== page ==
John
     
  15. thatoneguy

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    Not if there is a binary representation of time to display. Swiss geared/jeweled watches are analog, but a Casio G-Shock isn't, particularly any that set their time from WWVB.

    In between, Hybrids exist. Analog is in all digital circuits, sometimes intentionally, but usually not intentional, which limits the speed system can run at.
     
  16. jpanhalt

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    Well, is a divide by 3 circuit using flip-flops analog or digital? Why isn't a divide by 3.xx using gears and an escapement the same?

    It is the flip-flop that actually got me wondering about modern classifications vs. marketing glitz. For example, Wikipedia describes the first "digital" watch in about 1920's and the Pulsar watches as being digital. The first was done with gears and simply had a digital readout (an escapement mechanism can avoid the matter of in-between states). The Pulsar could be done with gears too.

    John
     
  17. Georacer

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    Quartz watches are admittedly much more accurate that spring-loaded clocks, for example and it is nescessary to build a digital circuit to harness the crystall's accuracy.

    Another matter is that digital circuits consume much less energy and suffer less from degradation and wear.

    On the downside, it can be very tricky to solve a problem with a digital construct. Think of how many multiplication algorithms exist for the binary algebra. On the analog realm of two gears, you have a set gear ratio and by turning the first gear x times, the other is turned automatically by {x times the ratio}.
    But at what cost, with what accuracy, in what time and untill when?
     
  18. R!f@@

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    Now that's what I call creativity.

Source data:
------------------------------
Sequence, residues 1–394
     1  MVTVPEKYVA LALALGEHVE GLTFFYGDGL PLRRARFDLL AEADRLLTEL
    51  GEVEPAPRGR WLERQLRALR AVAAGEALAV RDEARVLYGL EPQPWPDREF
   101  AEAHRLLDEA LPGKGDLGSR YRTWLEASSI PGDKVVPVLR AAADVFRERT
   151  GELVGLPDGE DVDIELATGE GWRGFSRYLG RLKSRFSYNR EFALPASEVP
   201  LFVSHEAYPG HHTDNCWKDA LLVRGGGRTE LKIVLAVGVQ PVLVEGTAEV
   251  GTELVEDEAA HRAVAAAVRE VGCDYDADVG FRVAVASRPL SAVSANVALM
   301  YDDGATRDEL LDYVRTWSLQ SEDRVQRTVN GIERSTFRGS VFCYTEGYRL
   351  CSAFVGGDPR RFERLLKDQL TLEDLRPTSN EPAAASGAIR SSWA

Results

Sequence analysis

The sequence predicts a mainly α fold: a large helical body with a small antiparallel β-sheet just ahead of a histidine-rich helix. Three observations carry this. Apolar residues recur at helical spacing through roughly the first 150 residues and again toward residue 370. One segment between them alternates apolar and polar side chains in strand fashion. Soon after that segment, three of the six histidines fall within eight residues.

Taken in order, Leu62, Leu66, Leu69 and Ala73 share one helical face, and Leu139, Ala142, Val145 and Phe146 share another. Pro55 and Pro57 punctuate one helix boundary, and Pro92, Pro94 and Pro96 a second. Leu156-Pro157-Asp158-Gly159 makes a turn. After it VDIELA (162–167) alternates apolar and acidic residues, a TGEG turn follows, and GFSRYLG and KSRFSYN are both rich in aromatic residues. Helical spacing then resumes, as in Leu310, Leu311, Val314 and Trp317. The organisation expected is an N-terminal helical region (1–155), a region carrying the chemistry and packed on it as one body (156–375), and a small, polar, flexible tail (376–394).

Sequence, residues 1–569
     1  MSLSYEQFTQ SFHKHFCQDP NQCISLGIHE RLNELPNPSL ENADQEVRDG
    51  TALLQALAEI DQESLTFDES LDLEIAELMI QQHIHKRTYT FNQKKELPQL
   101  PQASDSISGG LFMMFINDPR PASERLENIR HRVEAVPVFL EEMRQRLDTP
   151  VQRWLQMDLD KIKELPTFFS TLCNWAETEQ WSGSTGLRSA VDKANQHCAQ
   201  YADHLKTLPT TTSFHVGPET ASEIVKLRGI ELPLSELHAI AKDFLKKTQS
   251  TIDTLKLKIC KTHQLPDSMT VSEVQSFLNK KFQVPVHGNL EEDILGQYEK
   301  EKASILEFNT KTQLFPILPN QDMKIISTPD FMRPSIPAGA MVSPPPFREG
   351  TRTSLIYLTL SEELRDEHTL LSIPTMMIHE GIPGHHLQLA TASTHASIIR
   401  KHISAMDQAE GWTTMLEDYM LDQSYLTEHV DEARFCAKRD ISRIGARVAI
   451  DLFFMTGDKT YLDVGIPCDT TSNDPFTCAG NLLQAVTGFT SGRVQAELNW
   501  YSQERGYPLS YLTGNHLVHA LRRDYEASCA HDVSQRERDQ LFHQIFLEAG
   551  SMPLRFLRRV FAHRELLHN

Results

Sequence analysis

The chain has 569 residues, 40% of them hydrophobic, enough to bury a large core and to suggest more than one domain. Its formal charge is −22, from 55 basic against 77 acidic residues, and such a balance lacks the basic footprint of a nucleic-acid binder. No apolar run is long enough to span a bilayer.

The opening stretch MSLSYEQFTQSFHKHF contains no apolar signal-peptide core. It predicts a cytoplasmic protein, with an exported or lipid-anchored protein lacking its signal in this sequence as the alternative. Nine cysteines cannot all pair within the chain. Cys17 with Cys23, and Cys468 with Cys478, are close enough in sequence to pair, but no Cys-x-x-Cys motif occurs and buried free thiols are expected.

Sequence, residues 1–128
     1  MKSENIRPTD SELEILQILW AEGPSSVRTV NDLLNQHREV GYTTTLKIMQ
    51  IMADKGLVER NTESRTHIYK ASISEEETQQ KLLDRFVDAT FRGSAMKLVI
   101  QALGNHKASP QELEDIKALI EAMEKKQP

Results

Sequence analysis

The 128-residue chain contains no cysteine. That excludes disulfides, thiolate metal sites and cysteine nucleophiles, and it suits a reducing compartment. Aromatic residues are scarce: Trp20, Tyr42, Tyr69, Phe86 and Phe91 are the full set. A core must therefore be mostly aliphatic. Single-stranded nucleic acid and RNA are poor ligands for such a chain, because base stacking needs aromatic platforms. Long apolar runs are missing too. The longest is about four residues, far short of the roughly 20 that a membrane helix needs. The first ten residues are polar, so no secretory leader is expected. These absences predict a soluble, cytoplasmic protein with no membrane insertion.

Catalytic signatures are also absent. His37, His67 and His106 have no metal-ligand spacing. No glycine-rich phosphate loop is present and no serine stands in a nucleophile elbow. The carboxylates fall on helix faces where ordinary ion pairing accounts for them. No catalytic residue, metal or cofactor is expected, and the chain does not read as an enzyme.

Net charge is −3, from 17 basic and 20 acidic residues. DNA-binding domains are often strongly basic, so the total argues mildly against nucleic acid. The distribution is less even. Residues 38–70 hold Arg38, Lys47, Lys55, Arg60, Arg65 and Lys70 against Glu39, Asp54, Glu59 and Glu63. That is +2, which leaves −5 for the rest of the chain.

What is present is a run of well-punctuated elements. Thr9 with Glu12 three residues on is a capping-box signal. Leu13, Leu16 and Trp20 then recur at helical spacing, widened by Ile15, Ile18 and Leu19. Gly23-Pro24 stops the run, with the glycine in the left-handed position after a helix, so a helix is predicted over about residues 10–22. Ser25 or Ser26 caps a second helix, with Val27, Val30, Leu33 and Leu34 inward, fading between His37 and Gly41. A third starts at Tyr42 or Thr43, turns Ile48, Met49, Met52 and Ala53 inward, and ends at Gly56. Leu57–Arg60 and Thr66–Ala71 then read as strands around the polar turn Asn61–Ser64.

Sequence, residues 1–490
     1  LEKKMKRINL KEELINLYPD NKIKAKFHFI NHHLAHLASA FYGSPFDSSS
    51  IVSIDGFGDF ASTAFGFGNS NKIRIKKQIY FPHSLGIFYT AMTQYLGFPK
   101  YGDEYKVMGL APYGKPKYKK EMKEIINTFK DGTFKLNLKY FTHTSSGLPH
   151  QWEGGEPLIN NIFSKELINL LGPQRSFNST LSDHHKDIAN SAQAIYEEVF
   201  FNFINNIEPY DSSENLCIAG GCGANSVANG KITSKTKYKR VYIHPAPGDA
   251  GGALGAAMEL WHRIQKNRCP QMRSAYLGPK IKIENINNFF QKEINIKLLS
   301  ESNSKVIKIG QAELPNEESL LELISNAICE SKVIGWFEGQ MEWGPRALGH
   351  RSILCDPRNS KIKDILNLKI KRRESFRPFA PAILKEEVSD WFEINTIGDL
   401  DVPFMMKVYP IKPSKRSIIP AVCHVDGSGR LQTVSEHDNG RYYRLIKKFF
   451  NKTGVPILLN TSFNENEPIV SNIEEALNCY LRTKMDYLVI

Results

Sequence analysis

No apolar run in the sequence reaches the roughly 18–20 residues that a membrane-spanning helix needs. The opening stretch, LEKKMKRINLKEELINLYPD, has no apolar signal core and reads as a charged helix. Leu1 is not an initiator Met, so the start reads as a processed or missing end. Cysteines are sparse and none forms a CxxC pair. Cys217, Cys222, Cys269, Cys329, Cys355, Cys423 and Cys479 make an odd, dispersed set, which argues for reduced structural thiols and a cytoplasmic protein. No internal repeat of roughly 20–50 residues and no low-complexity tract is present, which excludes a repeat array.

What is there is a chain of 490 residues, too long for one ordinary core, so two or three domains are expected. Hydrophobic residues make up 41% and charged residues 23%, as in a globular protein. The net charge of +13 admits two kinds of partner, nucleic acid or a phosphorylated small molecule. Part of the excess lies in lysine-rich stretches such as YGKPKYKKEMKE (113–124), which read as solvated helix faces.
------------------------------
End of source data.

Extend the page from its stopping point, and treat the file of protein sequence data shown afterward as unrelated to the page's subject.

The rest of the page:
Pretty good.

    One question though....
    Does Lego actually have those parts as play toys.

    And I like to know what kinda software is used in the animation.
    Are they pretty powerful or expensive..
    What can I use in my level of work. I like to draw my Engraver Machine before I buy the parts. What kinda software are used to animate/draw those kinda objects.
     
  19. thatoneguy

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    A "Digital" Display is different than operating in the digital realm. There are clocks that move pieces of wood around to shape numbers, much like a 7 segment display. Making digits through this method could possibly not involve digital electonics at all (though the example I am thinking of does use a uC).

    Digital systems are essentially systems that use electronic level based (typically binary, but multi-valued logic exists) arithmetic to provide output. Analog systems do not assign values to levels, the measured voltage or current has no discrete steps as digital does.
     
  20. Georacer

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    Yes, all these parts, even the differential, are official LEGO parts. The olny exception are the printed paper gauges :cool:

    LEGOs are expensive toys, as a general rule, but they never break. You buy them for life. Except if you leave them to rot for 3 years in the mercy of the elements like a friend of mine did. Then yes, the plastic will become brittle and fail.

    There are a couple of LEGO design softwares. Some are free and supported by LEGO. It makes sense, since they tease you with all those extensive libraries and then you decide to actually buy the parts. However they support only LEGO parts and will be of little use for any other purposes. Last time I checked was 2 years ago, with a software named LEGO Digital Designer. It had some issues though with too many block conflicts in the 3D space.

    P.S. From now on I will stop capitalizing the word "lego".